the method further comprising forming a full partition linked list in external memory using only packets from the series of packets which are sized equal to the size of the partition and without storing the packets in on-chip memory.
5. The method of claim 4 wherein the external memory comprises synchronous dynamic random access memory.
6. The method of claim 4 wherein the series of packets comprises a series of variable-length packets.
7. The method of claim 4 wherein receiving a series of packets comprises receiving a series of packets belonging to a virtual output queue.
8. The method of claim 4, the method further comprising storing the contents of a partition of external memory to the on-chip memory when reading a partition of external memory storing packets belonging to the small packet linked list.
9. The method of claim 8 wherein:
receiving a series of packets comprises receiving a particular series of packets at a rate such that a particular packet which is individually smaller than the size of the partition is not written to the partition in external memory before the particular series of packets is read from external memory, and
forming the full partition linked list comprises linking the particular packet into the full partition linked list.
10. An apparatus for a packet-switching application, the apparatus including:
a processor;
on-chip memory formed on a chip with the processor; and
external memory comprising a second chip connected to the processor;
wherein the processor comprises one or more components to:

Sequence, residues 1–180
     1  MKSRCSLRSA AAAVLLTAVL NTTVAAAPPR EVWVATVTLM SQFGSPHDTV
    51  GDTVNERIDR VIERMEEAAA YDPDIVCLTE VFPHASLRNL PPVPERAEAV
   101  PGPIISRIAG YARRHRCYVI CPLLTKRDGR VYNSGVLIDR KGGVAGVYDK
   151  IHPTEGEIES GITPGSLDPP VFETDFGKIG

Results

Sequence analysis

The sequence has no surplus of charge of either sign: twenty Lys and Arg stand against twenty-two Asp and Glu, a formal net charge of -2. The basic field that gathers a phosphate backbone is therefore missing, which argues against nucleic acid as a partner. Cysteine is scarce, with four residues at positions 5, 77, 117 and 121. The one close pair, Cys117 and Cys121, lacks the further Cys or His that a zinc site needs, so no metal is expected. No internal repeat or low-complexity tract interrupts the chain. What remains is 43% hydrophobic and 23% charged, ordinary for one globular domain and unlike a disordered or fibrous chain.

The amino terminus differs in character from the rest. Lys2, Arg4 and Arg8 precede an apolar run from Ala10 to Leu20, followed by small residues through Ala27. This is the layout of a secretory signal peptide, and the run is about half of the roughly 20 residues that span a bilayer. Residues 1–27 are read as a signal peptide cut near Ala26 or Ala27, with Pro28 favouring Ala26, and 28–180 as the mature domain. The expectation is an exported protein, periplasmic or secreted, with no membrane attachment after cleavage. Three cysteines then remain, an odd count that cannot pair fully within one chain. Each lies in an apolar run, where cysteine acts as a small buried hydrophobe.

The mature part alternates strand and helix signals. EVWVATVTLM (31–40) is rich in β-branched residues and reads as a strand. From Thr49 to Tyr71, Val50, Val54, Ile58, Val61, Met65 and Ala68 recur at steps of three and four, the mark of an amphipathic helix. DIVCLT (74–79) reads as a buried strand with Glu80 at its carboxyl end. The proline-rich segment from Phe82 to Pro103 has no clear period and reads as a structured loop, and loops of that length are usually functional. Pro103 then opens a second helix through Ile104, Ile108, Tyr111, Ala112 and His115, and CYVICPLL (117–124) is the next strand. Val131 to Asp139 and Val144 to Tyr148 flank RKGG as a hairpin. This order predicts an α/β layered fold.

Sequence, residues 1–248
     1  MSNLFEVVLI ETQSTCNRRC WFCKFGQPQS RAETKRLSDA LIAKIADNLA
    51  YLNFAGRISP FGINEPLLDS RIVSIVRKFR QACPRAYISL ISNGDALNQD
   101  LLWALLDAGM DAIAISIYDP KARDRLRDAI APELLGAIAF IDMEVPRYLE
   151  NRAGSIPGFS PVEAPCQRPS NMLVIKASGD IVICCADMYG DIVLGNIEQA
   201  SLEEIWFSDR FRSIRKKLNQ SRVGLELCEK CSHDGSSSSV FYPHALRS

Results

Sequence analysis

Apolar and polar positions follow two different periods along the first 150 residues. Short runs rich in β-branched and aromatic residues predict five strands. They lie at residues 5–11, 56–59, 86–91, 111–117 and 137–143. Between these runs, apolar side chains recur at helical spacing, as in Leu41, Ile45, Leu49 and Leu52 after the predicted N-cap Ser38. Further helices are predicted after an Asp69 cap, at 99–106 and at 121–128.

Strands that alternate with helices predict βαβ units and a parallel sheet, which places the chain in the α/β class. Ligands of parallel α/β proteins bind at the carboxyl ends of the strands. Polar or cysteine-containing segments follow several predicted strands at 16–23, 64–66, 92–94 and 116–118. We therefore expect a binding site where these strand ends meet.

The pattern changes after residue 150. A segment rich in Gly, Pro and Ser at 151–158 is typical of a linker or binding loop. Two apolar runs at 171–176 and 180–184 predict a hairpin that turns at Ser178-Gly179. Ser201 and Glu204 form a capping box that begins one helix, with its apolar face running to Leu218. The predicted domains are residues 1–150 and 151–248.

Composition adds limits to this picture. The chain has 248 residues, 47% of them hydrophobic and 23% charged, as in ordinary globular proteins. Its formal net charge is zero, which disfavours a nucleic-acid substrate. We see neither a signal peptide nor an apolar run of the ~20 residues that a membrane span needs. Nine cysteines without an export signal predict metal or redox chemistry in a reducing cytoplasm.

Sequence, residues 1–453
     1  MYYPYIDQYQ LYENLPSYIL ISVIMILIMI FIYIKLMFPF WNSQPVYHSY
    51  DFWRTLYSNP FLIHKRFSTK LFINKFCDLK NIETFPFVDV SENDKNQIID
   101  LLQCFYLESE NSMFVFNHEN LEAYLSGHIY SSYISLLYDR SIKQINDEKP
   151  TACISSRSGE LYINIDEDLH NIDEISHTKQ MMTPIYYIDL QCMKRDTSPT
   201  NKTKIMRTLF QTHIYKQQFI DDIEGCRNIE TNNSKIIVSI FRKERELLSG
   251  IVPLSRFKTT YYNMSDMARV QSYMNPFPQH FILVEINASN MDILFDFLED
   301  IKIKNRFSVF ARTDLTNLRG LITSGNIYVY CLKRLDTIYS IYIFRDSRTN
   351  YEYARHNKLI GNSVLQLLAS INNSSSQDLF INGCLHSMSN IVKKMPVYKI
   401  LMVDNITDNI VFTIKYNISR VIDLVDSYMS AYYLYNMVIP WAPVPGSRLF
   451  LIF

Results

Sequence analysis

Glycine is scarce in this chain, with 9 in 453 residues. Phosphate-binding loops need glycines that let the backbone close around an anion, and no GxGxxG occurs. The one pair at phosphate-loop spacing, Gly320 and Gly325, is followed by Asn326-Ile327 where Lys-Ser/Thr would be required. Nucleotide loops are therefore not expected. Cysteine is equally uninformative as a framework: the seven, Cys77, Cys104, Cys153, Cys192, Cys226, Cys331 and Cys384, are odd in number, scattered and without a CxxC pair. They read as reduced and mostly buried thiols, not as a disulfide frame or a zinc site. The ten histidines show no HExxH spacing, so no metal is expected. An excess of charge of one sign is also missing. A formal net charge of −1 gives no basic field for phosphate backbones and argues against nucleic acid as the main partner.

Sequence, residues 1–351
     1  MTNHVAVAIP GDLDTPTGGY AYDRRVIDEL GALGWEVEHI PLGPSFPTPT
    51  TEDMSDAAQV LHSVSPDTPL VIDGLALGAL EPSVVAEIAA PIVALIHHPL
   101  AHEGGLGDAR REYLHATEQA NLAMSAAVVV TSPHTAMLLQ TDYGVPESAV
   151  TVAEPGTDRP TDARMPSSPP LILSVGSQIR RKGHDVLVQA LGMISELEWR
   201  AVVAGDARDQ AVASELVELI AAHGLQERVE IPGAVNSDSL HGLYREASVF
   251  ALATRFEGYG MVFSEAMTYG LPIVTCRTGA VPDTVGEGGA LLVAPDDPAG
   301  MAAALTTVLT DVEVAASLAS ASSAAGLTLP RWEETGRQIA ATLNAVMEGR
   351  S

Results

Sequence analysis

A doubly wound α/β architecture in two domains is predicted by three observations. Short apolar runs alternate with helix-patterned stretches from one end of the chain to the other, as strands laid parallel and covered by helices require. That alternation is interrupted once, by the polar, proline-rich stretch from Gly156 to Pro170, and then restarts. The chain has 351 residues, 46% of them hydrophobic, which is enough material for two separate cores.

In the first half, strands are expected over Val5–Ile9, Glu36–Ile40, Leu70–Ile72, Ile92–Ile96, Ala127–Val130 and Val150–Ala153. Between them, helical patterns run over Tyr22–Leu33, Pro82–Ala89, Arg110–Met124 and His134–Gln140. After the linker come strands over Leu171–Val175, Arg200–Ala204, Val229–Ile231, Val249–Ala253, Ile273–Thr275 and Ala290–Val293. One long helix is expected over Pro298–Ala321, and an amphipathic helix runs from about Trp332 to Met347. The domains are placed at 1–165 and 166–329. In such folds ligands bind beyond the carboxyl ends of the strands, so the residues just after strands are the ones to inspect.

receive a series of packets,
store multiple packets in the on-chip memory, the multiple packets including one or more packets in a sequence of packets from the series of packets, and
write the stored packets to a partition in the external memory in response to a combined size of stored packets equaling a predetermined amount.
11. The apparatus of claim 10 wherein the processor comprises an input device to receive a series of packets belonging to a single flow of packets, the processor further comprises one or more components to form a linked list that links the series of packets such that each packet is linked to a next packet stored in external memory.
12. The apparatus of claim 10, the processor further comprises one or more components to store contents of a partition of external memory to the on-chip memory when reading the partition of external memory.
13. The apparatus of claim 11 wherein the processor comprises one or more components to:
store only packets from the series of packets which are individually smaller than the size of the partition, and
form a small packet linked list using only packets from the series of packets which are individually smaller than the size of the partition,